The party is using a campaign bus for transport within the regions it is focusing on and handing out recyclable boxed rather than plastic water containers to the reporters on the media bus covering the campaign.

As well, it is also handing out reusable coffee mugs and using bamboo plates and metal utensils rather than plastic ones at meal times.

Mike Le Couteur/Global News
Mike Le Couteur/Global News Mike Le Couteur/Global News

It’s also going to be buying carbon offsets, which the David Suzuki Foundation defines as “a credit for greenhouse gas reductions achieved by one party that can be purchased and used to compensate (offset) the emissions of another party.””

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“We will be doing everything that we can to limit the campaign’s carbon footprint, and yes we are planning to offset our emissions,” said party spokesperson Melanie Richer, who said the party is putting a priority on reducing single-use plastics.

We will use zero-emission transport as often as possible and will be as efficient in our itinerary as possible. And as you know, Jagmeet really likes to bike. We will also be doing all we can to limit use of single use plastics on our tour. Compared to Trudeau’s climate hypocrisy, Jagmeet is taking the climate crisis seriously.”

Green Party

Federal Green Party Leader Elizabeth May has said the party also will not be chartering a plane.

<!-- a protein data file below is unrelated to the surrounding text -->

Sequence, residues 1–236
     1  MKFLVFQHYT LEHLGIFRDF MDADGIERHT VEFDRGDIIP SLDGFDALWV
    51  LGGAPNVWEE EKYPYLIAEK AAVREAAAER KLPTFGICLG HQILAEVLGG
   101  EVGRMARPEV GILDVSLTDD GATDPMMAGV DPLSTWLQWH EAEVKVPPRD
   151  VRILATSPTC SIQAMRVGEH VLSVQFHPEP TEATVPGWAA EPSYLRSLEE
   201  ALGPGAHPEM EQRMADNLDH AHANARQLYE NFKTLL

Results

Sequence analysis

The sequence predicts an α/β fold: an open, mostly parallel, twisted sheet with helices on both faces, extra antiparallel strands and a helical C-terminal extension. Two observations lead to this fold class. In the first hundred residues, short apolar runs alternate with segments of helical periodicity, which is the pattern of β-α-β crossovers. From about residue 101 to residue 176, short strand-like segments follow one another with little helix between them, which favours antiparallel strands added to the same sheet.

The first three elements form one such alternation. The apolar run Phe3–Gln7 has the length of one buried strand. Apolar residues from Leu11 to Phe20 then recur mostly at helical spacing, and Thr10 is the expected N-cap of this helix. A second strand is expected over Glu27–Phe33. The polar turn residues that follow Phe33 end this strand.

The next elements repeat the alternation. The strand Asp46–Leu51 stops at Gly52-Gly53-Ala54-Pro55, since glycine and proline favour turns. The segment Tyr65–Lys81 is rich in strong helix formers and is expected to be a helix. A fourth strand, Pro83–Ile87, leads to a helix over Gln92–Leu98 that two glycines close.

Instead, they will be flying commercial when they need to and relying on electric vehicles wherever possible.

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When the Green campaign does take to the skies (in economy class), they will be buying carbon offsets, according to press secretary Rosie Emery.

But the goal of the campaign is to plan in a way that reduces the number of flights that need to be taken, she added.

“We also try to travel efficiently, meaning we piggyback many events when Elizabeth May heads to a community,” Emery said.

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“We avoid, for example, flying to Toronto from Victoria for one event. We try to avoid flying at all but that is not possible. We bundle the travel and plot the tour out so that when Elizabeth May leaves her riding in B.C. to head East, we tack on a tour hitting a number of our goals all at once.”

Some Green Party riding associations, not just the federal party, will also be buying carbon offsets for their local campaigns.

Emery noted though that is taking place “organically” and not at the national party’s direction.